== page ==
Following on from our expedition in search of Wandering Water Voles earlier this year in Upper Glen Nevis we set out again, this time looking for signs of water voles in the Lower Glen in one of the series of wildlife events being held by The Friends of Nevis over the summer.
In the first event in May we learnt how to identify signs of water voles in known locations to gain some basic field craft experience. Above all, we had a great day out learning about the natural history of Wild Lochaber and were keen to learn more.
Whilst water voles have been recorded in the Upper Glen for many years, they have not been recorded in the Lower Glen. Suitable habitat does exist though no systematic field survey looking for signs of water voles has yet been conducted. This presented an ideal training opportunity to introduce us to basic survey techniques, building on our field craft knowledge picked up in May.
So, on Sunday 9th June 2013, we once again set out from the Ben Nevis Highland Centre led by Becks, a water vole expert and ecologist, together with other eager volunteers.
We drove up the Lower Glen to one of the car parks below the Lower Falls and set off in our search for 'ratty' looking for areas with gently flowing streams and ditches. Many of the small streams in The Glen are marked on 1:25000 OS maps. We focused on areas where the contour lines are over 4mm apart as the gradients and water flow would likely be suitable for water voles. Following the lead from our expert guide, we slowly walked down a number of ditches and streams looking for field signs and attempting to assess 'quality' of habitat. Water voles like streams with fairly deep, slow moving water, providing a means of escape from predators and enthusiastic surveyors. The habitat should not be too shaded, banks not too rocky or steep, and soft rush and other tall herbaceous vegetation should be nearby.
Given that there are no records for water voles in the Lower Glen, we did not really expect to find any signs. The habitat is grazed, forested and well managed and there are believed to be American mink in the area.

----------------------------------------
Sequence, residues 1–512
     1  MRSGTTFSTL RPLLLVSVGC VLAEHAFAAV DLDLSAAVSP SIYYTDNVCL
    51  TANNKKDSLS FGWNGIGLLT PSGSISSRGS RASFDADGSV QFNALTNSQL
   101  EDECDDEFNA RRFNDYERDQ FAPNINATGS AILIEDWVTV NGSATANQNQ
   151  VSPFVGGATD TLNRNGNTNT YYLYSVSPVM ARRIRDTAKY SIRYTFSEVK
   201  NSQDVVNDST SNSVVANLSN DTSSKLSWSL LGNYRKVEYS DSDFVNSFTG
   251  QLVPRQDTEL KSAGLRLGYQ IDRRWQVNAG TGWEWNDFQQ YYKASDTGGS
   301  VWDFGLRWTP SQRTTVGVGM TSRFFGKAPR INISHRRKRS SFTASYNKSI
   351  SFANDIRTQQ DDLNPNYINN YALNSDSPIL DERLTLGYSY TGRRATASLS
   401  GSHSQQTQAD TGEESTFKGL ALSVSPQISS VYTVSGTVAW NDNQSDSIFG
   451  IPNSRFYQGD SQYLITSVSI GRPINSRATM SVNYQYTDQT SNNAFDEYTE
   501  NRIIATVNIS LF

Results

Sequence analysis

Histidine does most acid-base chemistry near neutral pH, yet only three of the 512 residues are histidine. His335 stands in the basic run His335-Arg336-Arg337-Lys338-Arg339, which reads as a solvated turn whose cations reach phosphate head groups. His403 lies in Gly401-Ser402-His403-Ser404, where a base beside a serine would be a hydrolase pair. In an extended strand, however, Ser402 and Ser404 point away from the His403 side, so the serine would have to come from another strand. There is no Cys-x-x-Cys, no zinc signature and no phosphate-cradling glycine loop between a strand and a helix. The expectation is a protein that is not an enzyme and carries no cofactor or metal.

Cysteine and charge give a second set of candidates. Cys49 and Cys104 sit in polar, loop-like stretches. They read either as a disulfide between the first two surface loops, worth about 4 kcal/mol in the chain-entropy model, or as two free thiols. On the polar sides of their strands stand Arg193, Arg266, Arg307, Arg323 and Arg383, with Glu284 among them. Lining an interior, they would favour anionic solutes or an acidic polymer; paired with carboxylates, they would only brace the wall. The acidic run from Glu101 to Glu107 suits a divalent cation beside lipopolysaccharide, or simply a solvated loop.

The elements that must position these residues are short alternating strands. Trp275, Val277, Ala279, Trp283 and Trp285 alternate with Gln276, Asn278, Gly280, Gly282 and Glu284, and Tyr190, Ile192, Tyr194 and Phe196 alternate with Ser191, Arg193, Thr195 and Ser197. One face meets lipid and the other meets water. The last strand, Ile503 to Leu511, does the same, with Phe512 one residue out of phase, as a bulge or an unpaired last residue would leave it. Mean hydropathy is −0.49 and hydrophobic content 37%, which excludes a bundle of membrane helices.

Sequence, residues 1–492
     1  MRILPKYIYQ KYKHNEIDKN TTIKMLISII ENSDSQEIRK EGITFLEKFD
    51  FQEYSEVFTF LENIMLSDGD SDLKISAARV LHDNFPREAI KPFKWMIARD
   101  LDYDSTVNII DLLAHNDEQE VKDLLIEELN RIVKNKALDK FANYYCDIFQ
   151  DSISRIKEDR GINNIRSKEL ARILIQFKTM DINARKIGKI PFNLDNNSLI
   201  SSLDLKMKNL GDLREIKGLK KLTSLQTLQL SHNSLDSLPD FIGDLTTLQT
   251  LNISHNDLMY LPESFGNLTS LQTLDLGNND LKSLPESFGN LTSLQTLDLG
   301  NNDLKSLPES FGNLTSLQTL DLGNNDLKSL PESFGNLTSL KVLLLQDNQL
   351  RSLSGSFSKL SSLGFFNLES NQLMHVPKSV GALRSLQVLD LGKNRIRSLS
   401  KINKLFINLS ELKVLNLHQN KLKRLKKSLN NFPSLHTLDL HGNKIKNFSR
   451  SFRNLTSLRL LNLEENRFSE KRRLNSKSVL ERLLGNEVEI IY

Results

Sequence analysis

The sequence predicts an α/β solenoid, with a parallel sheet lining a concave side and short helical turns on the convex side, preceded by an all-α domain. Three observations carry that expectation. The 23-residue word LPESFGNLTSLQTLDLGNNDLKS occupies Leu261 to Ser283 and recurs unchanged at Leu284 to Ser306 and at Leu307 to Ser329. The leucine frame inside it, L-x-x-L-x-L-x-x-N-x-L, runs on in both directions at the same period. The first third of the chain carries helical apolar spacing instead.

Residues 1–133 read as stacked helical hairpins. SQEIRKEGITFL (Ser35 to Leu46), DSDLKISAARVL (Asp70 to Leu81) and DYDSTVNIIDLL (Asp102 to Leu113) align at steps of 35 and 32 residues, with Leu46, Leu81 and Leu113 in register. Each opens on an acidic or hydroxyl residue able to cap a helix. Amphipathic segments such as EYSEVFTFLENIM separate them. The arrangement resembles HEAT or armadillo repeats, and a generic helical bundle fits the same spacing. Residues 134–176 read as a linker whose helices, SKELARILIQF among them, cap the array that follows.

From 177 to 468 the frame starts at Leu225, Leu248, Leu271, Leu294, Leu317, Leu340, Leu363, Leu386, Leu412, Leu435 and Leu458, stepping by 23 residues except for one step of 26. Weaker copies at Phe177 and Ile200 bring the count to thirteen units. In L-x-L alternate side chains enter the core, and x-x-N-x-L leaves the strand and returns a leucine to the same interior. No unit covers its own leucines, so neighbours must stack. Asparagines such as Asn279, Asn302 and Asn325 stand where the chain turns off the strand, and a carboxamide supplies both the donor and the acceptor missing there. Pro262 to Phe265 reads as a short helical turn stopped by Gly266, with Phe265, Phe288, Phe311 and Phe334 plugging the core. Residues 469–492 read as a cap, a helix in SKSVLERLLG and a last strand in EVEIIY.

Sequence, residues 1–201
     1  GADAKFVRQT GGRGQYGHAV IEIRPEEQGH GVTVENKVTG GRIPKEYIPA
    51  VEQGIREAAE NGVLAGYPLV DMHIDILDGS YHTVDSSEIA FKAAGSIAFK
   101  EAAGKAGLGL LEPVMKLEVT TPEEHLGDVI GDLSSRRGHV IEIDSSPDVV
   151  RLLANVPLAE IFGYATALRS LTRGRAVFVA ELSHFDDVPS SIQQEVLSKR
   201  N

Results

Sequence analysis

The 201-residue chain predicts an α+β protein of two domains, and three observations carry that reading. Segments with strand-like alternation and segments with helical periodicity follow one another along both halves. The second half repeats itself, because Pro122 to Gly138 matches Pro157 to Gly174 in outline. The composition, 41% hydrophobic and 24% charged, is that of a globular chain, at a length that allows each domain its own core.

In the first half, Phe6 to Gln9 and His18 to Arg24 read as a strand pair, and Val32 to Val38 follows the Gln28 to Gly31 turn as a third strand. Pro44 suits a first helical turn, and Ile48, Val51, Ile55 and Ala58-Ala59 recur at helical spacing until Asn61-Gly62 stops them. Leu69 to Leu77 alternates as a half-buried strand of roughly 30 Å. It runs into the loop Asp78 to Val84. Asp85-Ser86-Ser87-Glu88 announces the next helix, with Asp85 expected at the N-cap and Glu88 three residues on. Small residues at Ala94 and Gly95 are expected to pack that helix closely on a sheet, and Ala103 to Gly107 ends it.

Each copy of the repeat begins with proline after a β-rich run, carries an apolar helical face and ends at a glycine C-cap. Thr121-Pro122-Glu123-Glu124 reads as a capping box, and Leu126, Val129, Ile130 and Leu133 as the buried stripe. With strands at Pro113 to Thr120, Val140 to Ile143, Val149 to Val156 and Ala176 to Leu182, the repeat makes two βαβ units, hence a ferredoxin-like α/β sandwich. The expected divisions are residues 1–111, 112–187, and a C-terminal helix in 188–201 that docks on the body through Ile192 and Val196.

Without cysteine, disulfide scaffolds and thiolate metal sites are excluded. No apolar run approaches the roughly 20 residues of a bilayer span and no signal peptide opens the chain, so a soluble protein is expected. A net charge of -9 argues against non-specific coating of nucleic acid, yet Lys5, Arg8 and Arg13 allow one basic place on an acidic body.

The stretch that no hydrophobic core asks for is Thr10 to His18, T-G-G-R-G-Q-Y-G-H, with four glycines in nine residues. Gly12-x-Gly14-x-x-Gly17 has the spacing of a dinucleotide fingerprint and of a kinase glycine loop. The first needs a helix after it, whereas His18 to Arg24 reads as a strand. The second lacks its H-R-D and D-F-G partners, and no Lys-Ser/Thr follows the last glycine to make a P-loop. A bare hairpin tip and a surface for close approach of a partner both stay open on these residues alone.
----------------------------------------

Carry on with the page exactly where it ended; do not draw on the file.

Imagine our surprise and excitement when the call of 'POO' was called out on discovery of some droppings by the water's edge. Ironically, the site was shaded and the water rather murky and had been dismissed as suitable habitat for 'ratty'. A sample of poo was taken for confirmation and the area was more intensively surveyed for runs, burrows and other latrines. Unfortunately we did not find any burrows as the area was maybe a little too marshy and wet, but we did find another latrine. We speculated over lunch as to where the water vole had come from and whether they were resident or not.
Not only did we see signs of water voles, we were treated to a wealth of wildlife in the Lower Glen. We saw a greater spotted woodpecker feeding it's chicks, a willow warbler nest, amazing damselflies and an abundance of spring flowers, as well as signs of otter.
Again, we would like to express our thanks to The Friends of Nevis for organising these water vole events and to Becks for leading them so expertly. We learnt how to read maps to identify potential sites, how to assess potential quality of habitat, and how to record findings in a systematic way. Above all, the hands-on experience of surveying with an expert has given us the confidence to apply our skills to new situations. We hope to conduct water vole surveys in our own little patch of Wild Lochaber in deepest Moidart later this summer.
If you would like to find out more about water voles, check out the great resources on the SNH website.
The next Friends of Nevis water vole event is on the 21st August 2013.
Andrew & Jayne for Wild About Lochaber